News Releases

Professor Pathmanathan Umaharan to deliver Professorial Lecture

For Release Upon Receipt - April 16, 2010

St. Augustine

Professor Pathmanathan Umaharan, professor of Genetics at The University of the West Indies (UWI), will present his Professorial Inaugural Lecture on Thursday 22nd April, 2010, at 5.30 p.m. at Lecture Theatre 1, Block 13, Faculty of Engineering, UWI St. Augustine.

Professor Umaharan, Head of the Cocoa Research Unit at The UWI, will discuss agriculture in the Caribbean in his lecture, titled “Creating sustainable livelihoods within the agro-industry using the gene toolkit.”

The adverse effects of globalization, rising technology gap, devastating effects of tropical diseases, poor value addition along the agri-food chain, destructive effects of climate change and labour shortage are among many issues facing Caribbean agriculture. Agriculture in the Caribbean will continue to decline unless sustainable, value livelihoods can be created for the peoples of the Caribbean, using an innovation based approach. Professor Umaharan uses case studies developed around his own experiences to explore the possibilities of achieving this in the ‘era of genomics and biotechnology.’

Expected to be present at Professor Umaharan’s lecture is Professor Clement Sankat, University Pro Vice Chancellor and St Augustine Campus Principal.

Other interested persons are invited to attend the lecture, which is free of charge and open to the public.

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Prof Umaharan obtained his first degree at the University of Peradeniya in Sri Lanka, his PhD at The University of the West Indies and completed his research fellowship at the prestigious Scripps Research Institute in La Jolla, California. 

He joined The University of the West Indies in 1991 as Lecturer in Genetics, rose to the rank of Senior Lecturer in 1999 and to the rank of Professor of Genetics in 2008.  Recently he was appointed the head of the internationally renowned Cocoa Research Unit.

During his tenure Prof Umaharan has, along with his research students, worked arduously on the genetics of resistance to diseases affecting grain legumes, cocoa, anthuriums, tomatoes and hot peppers and has developed a number of resistant and tropically adapted varieties and patents. He has also worked on the genetics of tolerance to water logging, as well as yield improvement in the pigeon pea and hot pepper. His ongoing work on the genetic modification of flower colour and the molecular biology of flower colour in anthuriums can be regarded as ground breaking for the Caribbean.

Prof Umaharan has received several research awards for his work, notably the Principal’s award for best researcher in 2003 and the Caribbean Agriculture Research and Development Institute’s Award for Excellence in Research in 2005. Many of his research students have also won awards at the national and international levels. His work has yielded two book chapters, three monographs, 64 refereed journal publications and over 100 articles in conferences at the national, regional and international levels.

Prof Umaharan has, during these 19 years at The UWI, supervised 14 PhD students and 12 M.Phil students, all of whom are now gainfully employed in the region and North America. He was awarded the Guardian Life Premium Teaching Award in 2002 for excellence in teaching at the Undergraduate Level.

His efforts have gone beyond the laboratory and research facilities and into the realm of industry development. He established the Caribbean Anthurium industry development task force and is involved in the development of the regional cocoa industry development taskforce. He is also a member of the TTABA’s hot pepper industry group. In Prof Umaharan’s capacity as deputy dean he organized a regional workshop on Anthurium industry development, International Congress on Tropical Agriculture, and a well publicized AgriTECH expo, 2008. He has established a semi-commercial tissue culture laboratory for commercialization of the newly developed anthurium varieties and is hoping to develop one of the first spin-off companies at The UWI.  Some of the varieties of bodi, black-eye and pigeon pea are also being commercialized at the Megafarm in Chaguaramas.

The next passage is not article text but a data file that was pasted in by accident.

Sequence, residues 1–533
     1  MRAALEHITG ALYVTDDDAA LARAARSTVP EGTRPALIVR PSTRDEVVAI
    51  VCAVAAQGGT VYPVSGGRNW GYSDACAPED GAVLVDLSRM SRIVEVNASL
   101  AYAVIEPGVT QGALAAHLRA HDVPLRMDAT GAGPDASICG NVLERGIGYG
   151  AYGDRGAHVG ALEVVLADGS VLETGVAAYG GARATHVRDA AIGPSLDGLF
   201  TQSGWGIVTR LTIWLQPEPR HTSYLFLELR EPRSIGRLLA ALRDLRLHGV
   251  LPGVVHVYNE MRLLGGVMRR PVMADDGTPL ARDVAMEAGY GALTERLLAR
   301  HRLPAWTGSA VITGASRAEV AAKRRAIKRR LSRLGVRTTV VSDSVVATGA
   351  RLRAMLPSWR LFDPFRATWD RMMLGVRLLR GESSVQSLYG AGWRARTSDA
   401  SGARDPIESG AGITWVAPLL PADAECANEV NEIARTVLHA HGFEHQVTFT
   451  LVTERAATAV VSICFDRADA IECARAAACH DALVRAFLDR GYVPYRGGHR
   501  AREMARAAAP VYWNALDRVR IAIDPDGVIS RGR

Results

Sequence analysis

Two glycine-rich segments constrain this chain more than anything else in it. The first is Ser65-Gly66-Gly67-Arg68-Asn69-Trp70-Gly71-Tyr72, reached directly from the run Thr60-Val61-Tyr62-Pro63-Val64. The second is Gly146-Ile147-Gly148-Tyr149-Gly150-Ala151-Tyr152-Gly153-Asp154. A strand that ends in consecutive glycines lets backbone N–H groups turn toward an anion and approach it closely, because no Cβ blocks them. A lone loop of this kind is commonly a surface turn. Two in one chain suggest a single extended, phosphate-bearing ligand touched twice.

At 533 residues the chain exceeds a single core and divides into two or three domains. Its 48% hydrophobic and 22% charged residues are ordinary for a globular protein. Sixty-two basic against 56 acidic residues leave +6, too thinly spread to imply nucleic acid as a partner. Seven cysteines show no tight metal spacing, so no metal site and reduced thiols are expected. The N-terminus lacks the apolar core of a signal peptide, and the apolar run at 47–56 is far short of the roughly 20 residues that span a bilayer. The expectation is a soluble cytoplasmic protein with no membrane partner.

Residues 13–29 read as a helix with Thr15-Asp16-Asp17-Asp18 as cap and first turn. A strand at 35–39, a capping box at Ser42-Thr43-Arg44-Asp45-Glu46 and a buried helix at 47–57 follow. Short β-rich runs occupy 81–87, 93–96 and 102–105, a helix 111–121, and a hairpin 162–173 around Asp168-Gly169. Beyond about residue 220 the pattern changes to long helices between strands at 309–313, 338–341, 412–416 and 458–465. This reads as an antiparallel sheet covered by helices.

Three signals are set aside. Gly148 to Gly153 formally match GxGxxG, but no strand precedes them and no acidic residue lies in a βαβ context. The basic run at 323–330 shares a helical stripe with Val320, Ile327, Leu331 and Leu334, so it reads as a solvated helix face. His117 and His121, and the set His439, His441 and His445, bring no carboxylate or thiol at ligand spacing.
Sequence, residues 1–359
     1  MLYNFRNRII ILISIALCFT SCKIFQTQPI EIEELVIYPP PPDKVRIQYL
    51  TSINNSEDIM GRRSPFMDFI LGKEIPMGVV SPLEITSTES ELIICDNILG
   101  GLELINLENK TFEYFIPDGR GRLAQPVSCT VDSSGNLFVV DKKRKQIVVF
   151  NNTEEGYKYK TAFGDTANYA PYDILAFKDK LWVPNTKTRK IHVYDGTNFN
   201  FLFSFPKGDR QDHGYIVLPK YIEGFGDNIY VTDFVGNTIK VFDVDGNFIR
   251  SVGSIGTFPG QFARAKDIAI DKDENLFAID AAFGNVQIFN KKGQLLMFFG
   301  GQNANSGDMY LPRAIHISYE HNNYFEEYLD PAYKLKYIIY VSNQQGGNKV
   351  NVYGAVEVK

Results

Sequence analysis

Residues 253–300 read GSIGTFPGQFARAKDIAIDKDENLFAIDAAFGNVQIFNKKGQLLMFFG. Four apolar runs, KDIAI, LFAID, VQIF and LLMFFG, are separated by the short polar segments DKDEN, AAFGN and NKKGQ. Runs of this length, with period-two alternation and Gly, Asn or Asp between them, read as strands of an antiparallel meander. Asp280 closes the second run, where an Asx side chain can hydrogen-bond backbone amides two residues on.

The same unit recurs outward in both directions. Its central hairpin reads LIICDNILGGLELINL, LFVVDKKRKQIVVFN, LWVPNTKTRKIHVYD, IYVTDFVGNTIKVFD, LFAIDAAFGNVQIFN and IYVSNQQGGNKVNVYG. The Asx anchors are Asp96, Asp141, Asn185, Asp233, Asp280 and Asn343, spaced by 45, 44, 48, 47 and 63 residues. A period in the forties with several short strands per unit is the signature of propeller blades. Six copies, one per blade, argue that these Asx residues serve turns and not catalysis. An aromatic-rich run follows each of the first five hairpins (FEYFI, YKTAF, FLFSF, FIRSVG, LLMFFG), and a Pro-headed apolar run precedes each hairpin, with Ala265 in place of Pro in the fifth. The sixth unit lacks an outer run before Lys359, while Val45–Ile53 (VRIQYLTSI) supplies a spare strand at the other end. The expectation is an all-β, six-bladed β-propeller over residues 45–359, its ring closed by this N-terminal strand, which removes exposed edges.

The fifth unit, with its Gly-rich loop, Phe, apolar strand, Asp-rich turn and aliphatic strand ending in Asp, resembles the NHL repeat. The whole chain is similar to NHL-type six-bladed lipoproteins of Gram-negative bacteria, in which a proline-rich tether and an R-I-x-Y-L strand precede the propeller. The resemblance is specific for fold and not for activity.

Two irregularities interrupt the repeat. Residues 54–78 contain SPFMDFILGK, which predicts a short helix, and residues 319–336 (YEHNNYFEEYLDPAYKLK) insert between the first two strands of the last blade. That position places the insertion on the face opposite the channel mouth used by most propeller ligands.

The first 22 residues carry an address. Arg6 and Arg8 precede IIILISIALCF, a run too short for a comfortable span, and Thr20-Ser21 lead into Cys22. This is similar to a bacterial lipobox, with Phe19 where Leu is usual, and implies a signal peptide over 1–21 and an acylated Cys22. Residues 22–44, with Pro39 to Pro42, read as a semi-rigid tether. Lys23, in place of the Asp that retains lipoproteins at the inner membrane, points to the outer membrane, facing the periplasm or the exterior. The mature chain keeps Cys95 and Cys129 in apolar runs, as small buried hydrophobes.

Prof Umaharan also serves in many National, Regional and International Committees.  He is the Chair of the Adhoc Committee on Plant Varieties in Trinidad and Tobago, a member of the National Biosafety Committee of T&T, the CARICOM Committee on Biotechnology and Biosafety, the Caribbean Biotechnology Taskforce and Hemispheric Committee on Biotechnology and the International Committee on Biosafety Education.  As chair of the Caribbean workshop on Agriculture, Prof Umaharan is involved at present in the development of a UWI policy for Agricultural development in the Caribbean.

About UWI

Over the last six decades, The University of the West Indies (UWI) has evolved from a fledgling college in Jamaica with 33 students to a full-fledged University with over 40,000 students. Today, UWI is the largest and most longstanding higher education provider in the English-speaking Caribbean, with main campuses in Barbados, Jamaica and Trinidad and Tobago, and Centres in Anguilla, Antigua & Barbuda, The Bahamas, Belize, British Virgin Islands, Cayman Islands, Dominica, Grenada, Montserrat, St Christopher (St Kitts) & Nevis, St Lucia, and St Vincent & the Grenadines. UWI recently launched its Open Campus, a virtual campus with over 50 physical site locations across the region, serving over 20 countries in the English-speaking Caribbean. UWI is an international university with faculty and students from over 40 countries and collaborative links with over 60 universities around the world. Through its seven Faculties, UWI offers undergraduate and postgraduate degree options in Engineering, Humanities & Education, Law, Medical Sciences, Pure & Applied Sciences, Science and Agriculture, and Social Sciences.